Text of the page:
Matt here. Emily’s going to come in with the important tasting notes and all that later in the article, but I just wanted to share an anecdote from our very early cohabitation. When we first moved in together, I remember I was clearing room in the fridge – and at the time, Emily had a really beautiful spacious fridge (I think it was even bigger than the one we have now) and there was plenty of room to hide stuff at the back of the shelves. I was clearing out room to fit in whatever we’d bought together at the store, and I spotted a jar whose contents were unfamiliar to me. I opened the lid and, I don’t remember now, but I probably cursed. I think I might have warned Emily that there was something really bad in there that needed to be thrown away right that second, and preferably triple-bagged. I warned her that we might have to replace the fridge. I warned her that we might have to move.
This fast and delicious pork lo mein is loaded with noodles, meat, and plenty of vegetables—a complete meal in one wok (or skillet).
Preparing a stir-fry for us has become a game of time-shaving. A dish that’s already designed for the quick, hot pan treatment is made even more satisfying when you can snip a minute of prep here and there, or improve the efficiency of the cooking stage using that one weird trick (“Chinese restaurants hate them!”). Well, we’re using that one weird trick here, and here’s the essence of it: we soak the pork strips beforehand, for just 15 minutes, in a baking soda solution. This helps the pork stay really tender. More on this below.
Note: This recipe is part of our on-going series with Serious Eats. You can also find this recipe, and other great ones, on their site.
Roasted cauliflower flavored with cumin and served with a feta cream cheese dip.
Before we moved to Brooklyn (so way before we headed up to Beacon), Matt and I lived in one of the most cross-cultural neighborhoods in New York City, Astoria, Queens. It was like the real-life version of one of those 90s comedies. You know, the ones where the cab driver is sitting next to a lawyer who’s sitting next to a dominatrix and they’re all eating souvlaki prepared by a Sikh cook and served by a Russian waitress. It was like that.
It’s still one of the best places in the city to find ingredients from all over the world, especially Mexico, India and Greece. If the area is known for one type of food in particular, it’s Greek. Our weekends often involved a stop at Titan Foods where we would spend most of our rent money on olives and Feta cheese. If you’re ever in the area, check it out. It’s like the Disney-land of Feta up in there, not even kidding.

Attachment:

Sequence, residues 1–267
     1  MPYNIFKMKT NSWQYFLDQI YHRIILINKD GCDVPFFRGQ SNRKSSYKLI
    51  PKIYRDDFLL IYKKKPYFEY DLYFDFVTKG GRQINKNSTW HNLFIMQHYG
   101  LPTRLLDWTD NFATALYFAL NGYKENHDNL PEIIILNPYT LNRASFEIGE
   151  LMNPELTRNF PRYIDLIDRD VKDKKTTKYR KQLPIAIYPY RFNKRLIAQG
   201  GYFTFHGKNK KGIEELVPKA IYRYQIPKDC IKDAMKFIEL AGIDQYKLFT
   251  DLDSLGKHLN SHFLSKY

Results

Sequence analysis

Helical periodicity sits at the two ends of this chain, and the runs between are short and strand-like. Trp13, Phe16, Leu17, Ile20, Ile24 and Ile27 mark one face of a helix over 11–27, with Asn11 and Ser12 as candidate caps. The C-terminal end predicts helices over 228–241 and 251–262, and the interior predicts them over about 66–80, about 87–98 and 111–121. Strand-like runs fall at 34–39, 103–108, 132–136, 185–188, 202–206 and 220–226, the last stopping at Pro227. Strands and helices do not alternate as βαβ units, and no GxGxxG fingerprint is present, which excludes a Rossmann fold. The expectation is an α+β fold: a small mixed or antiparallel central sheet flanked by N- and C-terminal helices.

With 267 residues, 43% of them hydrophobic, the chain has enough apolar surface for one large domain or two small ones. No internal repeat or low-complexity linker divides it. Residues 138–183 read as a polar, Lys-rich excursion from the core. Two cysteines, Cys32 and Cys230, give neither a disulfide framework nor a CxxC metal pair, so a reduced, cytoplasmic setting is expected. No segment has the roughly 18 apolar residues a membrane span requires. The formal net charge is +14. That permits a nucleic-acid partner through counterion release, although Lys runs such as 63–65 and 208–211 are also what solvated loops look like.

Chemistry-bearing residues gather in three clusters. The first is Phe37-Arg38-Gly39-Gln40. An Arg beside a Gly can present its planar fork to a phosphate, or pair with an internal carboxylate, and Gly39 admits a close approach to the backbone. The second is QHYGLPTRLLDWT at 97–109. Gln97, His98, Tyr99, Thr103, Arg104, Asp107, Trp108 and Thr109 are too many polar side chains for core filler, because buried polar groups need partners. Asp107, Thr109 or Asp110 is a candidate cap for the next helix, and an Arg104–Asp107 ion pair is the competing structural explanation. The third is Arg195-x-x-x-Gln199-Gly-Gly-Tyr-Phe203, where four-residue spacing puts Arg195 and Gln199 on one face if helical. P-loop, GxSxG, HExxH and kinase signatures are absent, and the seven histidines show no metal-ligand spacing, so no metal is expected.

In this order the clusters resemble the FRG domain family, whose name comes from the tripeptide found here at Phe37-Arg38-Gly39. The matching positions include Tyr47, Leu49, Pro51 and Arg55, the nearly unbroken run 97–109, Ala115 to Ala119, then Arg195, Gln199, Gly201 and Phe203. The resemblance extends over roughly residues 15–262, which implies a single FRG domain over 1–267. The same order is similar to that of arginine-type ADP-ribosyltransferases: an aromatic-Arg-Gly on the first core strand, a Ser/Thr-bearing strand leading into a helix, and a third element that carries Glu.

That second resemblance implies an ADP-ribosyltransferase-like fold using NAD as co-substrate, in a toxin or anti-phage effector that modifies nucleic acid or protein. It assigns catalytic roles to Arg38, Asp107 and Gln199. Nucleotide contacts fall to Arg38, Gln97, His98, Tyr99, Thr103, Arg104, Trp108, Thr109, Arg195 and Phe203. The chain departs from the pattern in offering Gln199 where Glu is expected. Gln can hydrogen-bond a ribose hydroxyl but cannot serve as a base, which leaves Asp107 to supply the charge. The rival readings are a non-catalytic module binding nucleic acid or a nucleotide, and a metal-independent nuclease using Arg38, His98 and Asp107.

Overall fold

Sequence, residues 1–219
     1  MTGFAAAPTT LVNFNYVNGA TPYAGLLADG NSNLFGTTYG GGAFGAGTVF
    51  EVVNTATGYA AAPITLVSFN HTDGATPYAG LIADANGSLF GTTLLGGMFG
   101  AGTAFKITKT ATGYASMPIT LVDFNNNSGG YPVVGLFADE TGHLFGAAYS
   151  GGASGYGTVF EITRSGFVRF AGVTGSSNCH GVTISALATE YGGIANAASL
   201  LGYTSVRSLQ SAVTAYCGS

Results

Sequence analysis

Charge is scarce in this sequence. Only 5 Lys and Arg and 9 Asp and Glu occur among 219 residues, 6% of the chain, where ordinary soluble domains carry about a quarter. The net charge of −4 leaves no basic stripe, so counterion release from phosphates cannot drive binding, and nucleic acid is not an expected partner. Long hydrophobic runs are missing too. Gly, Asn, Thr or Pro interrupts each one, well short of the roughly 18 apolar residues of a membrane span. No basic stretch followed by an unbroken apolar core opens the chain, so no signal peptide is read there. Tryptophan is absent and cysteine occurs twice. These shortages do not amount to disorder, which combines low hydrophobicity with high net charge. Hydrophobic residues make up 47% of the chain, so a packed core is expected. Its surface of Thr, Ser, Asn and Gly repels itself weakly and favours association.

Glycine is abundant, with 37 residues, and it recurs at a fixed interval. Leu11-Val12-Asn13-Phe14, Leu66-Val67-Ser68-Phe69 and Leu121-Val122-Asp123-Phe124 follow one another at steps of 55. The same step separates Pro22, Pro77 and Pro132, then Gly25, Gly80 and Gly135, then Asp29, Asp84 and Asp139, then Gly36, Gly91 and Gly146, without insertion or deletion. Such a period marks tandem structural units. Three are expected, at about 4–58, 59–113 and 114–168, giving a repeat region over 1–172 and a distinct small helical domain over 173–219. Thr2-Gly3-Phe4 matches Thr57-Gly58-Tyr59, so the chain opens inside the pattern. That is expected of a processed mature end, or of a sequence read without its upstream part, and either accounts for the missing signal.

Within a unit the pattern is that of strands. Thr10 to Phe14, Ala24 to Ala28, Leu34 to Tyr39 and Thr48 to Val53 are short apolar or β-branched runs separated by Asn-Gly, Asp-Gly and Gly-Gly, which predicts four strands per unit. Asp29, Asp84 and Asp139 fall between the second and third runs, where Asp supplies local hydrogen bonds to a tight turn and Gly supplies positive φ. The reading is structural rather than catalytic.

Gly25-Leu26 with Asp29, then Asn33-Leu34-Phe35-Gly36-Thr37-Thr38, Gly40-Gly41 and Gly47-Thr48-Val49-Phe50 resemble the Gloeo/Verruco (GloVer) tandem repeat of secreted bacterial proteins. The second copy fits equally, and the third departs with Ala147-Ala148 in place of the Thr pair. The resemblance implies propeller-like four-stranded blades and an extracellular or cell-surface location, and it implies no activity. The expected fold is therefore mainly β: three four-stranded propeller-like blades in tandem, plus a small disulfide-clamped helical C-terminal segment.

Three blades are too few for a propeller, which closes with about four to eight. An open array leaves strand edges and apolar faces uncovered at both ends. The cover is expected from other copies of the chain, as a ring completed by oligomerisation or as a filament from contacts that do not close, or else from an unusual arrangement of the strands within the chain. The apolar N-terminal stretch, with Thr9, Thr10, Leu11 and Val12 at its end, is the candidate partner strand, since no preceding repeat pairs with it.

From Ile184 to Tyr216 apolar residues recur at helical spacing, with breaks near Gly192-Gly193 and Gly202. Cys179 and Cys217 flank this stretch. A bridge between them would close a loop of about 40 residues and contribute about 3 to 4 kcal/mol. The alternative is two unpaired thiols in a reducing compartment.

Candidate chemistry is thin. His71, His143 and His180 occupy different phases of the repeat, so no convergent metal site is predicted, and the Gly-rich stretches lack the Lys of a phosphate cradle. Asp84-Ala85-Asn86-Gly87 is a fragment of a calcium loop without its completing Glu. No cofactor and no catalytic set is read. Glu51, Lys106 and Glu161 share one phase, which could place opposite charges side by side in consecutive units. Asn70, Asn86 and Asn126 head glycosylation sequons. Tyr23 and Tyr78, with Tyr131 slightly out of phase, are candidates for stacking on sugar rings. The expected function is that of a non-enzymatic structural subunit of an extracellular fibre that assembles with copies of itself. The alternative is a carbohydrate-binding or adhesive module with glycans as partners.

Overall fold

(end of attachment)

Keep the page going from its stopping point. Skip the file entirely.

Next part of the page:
In this case we’re using feta as the sauce (more of a dip, really), for some incredibly delicious cumin-dusted roasted cauliflower.
Caramelized green beans is a quick, healthy dish that would be an ideal vegan (and optionally gluten free) side for an Asian-style dinner.
We all have our little quirks and one of mine is that I am… let’s just say ambivalent about green beans unless they are cooked one, very specific way. (But when they are cooked this way, I’m adore them and want them all the time). In fact, prepared this way, I find them colossally addictive. I’m odd, I know. I’ve accepted it (and more importantly, so has Matt, who I’m sure would enjoy green beans prepared any number of ways but somehow never complains when they show up tasting exactly the same, time after time).
It’s not like green beans are evil and must be destroyed. I mean, they’re not celery. It’s just that they’re often rather…meh. A bit bland and, even worse, rubbery. And they make a little squeaky sound against your teeth when you chew them (I already admitted to being weird so stop making that face).
Yes, I know those little haricots vert you can sometimes find are tender and perfect (especially steamed and coated with a sharp, mustardy dressing) but, at least around these parts, they are often diabolically expensive. And I like to save my dollars for important things like hats for boiled eggs and gifs of Benedict Cumberbatch being licked by kittens. Like I said, important.